News & Updates
Alphabet soup of financial designations
Mapping the financial services landscape
TORONTO, ON - August 12, 2012 - Marc Flynn, CSI, Special to the Toronto Sun - For those looking to begin or advance a career in financial services, there is no shortage of choice when it comes to educational options. Specialized masters programs, advanced financial designations, certificate-level training, day or week long personal development courses... the list goes on.
The abundance of choice, along with the "alphabet soup" of financial designations, can be overwhelming. What is the optimal path to success? Where is the best place to start?
Taking a strategic approach to career mapping can remove a lot of stress from the process. The key is clearly defining the end goal. What is a specific role or position as aspiring financial services professional would want to achieve in five to ten years? Once this destination point is defined, building a road map to get there is easier than it may sound.
The first step in nearly every financial services career is taking the Canadian Securities Course (CSC)® from the Canadian Securities Institute® (CSI). This "benchmark" credential is needed to meet basic licensing requirements.
Advisers must complete the CSC to trade general securities, such as stock, bonds or mutual funds. It is also a gateway to a variety of roles in the financial services industry, such as financial planner, mutual funds representative and investment adviser, to name a few.
In an uncertain economy, financial services institutions are looking for job-ready talent, whose credentials are nothing less than excellent and easy to demonstrate. Along with the experience on one's resume, designation letters serve as that stamp of quality in the eyes of the employer.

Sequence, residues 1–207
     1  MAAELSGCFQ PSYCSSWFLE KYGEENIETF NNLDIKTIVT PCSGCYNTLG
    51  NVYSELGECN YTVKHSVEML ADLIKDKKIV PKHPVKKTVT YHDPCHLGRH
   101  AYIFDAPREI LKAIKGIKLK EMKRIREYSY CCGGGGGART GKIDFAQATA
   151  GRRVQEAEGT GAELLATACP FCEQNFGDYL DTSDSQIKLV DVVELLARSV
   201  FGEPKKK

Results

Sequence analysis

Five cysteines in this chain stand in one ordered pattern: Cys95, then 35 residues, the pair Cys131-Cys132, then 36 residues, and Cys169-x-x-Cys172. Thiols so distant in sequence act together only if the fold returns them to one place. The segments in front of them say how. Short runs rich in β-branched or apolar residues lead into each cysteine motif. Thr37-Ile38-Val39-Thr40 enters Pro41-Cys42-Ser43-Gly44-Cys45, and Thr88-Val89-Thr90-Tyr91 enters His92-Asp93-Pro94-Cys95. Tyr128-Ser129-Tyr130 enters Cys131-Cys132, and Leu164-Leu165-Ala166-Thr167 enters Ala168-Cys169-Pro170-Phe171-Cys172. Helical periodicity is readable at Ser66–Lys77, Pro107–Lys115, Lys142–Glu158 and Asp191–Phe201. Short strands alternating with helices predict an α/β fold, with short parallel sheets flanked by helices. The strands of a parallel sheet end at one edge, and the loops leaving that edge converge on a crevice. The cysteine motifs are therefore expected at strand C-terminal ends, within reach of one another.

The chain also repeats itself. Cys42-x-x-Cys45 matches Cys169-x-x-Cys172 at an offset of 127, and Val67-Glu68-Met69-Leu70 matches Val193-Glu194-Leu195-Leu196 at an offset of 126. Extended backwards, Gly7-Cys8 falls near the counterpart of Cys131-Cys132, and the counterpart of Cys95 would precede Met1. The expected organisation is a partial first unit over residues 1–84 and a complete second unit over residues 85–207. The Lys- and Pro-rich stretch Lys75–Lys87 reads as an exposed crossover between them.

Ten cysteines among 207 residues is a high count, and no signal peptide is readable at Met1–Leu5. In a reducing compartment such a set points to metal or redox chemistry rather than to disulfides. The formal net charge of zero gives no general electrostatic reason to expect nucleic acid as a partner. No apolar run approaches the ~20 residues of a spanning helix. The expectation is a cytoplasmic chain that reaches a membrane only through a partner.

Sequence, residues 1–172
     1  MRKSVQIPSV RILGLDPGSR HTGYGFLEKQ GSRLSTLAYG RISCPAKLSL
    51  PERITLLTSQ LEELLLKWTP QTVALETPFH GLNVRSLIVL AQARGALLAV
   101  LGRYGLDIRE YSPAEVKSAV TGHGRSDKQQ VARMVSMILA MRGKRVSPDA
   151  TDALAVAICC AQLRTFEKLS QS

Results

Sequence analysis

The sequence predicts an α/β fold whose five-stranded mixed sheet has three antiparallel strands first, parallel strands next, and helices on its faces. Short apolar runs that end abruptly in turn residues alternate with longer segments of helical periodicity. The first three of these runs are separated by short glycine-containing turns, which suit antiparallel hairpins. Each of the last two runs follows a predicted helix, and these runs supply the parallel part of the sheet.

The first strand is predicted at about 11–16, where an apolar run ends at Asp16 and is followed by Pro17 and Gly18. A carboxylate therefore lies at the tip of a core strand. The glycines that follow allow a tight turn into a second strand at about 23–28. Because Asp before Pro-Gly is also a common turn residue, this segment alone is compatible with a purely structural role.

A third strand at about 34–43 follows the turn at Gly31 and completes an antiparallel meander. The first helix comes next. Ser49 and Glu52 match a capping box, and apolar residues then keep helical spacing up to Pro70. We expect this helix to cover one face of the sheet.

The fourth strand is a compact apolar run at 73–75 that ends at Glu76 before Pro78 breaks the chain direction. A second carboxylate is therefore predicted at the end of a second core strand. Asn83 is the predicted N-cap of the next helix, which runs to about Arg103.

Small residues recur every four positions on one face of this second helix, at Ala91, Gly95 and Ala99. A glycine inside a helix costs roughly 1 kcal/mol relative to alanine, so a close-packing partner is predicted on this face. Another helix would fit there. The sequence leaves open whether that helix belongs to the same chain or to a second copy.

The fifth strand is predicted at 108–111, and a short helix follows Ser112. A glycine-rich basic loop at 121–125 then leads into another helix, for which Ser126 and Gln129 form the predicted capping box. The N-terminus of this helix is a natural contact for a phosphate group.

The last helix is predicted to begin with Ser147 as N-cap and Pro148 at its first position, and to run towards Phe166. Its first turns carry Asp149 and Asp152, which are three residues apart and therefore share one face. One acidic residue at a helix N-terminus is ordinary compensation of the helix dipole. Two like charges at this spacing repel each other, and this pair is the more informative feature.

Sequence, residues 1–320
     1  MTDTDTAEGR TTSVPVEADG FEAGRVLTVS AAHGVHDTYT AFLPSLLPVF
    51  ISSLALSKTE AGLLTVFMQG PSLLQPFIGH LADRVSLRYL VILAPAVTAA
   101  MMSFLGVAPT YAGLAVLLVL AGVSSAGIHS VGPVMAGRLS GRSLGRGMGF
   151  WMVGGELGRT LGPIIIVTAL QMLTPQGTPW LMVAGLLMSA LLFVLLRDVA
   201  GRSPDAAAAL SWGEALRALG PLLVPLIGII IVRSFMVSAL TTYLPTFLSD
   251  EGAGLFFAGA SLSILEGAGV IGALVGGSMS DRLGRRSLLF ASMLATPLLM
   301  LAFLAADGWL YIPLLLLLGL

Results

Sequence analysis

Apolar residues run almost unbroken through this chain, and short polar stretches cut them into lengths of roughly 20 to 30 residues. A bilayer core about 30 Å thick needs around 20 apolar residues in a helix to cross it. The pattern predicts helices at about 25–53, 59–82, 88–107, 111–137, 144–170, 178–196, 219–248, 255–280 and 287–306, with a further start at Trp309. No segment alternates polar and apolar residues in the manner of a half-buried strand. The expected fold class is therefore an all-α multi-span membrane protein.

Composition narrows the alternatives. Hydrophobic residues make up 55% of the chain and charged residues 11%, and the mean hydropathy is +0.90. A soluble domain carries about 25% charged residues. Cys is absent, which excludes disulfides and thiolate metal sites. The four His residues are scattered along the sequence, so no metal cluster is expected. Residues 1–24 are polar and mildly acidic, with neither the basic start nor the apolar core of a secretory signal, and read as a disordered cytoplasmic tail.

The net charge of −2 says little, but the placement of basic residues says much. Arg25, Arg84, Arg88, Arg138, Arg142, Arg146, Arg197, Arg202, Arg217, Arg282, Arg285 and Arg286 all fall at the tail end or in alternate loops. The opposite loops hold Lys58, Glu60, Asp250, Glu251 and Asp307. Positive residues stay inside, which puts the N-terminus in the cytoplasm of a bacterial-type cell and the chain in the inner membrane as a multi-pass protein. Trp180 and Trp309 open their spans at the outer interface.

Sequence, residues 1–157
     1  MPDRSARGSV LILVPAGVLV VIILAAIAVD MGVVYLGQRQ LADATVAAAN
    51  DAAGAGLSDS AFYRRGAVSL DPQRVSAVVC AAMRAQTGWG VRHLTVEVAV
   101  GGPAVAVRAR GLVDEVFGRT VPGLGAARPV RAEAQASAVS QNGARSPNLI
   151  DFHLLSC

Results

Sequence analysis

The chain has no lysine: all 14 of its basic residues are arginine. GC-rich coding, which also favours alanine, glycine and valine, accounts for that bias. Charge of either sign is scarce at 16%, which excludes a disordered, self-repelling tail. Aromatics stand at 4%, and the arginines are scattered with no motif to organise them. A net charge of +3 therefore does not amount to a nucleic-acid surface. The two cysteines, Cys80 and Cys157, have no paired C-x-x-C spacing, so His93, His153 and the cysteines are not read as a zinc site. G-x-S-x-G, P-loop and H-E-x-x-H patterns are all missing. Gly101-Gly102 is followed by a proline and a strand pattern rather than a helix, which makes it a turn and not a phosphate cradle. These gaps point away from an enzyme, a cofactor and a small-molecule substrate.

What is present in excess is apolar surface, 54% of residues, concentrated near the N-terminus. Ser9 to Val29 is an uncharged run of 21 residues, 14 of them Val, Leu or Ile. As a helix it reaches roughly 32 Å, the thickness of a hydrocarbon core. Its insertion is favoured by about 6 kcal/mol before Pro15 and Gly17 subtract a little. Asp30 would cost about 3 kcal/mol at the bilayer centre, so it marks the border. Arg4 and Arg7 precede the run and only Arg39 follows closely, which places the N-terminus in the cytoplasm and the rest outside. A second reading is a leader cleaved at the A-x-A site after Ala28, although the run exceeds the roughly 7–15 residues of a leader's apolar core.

The professional bar is rising. A few years ago, financial designations, above and beyond basic licensing requirements, were seen as "nice to have"; today, designations are increasingly a "must have".
In an environment of lower tolerance to risk, there is a much greater demand for professionals who can demonstrate relevant experience, specialized knowledge and ethical standards needed to support increasingly complex and diverse investor needs.
The Personal Financial Planner (PFP®) or the Chartered Investment Manager (CIM®) are examples of financial designations that prove to clients and employers alike that advisers not only have the right experience and expertise, but also conduct themselves in a professional and ethical manner.
Those who navigate the complex financial credentialing landscape don't have to go it alone. CSI's Financial Services Career Map at www.csi.ca/careermap is an easy-to-use, interactive tool that allows aspiring financial services professionals to search and explore multiple career options. Users can also map out their educational path to success.